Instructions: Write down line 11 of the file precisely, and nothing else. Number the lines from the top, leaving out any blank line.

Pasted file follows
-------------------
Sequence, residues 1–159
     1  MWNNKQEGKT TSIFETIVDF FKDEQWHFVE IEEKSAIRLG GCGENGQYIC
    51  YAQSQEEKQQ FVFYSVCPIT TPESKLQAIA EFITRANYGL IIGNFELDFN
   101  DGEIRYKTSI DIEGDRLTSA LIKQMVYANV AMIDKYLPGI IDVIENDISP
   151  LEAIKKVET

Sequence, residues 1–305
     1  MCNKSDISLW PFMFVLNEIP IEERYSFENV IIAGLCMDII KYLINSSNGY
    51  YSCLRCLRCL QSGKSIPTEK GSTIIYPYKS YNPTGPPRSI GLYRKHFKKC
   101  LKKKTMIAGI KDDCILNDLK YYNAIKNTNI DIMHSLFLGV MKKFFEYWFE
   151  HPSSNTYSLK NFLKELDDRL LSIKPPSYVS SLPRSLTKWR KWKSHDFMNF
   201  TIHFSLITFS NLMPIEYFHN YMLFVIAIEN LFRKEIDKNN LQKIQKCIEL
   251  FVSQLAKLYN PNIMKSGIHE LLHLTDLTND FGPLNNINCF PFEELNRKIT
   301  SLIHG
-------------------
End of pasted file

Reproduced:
   201  TIHFSLITFS NLMPIEYFHN YMLFVIAIEN LFRKEIDKNN LQKIQKCIEL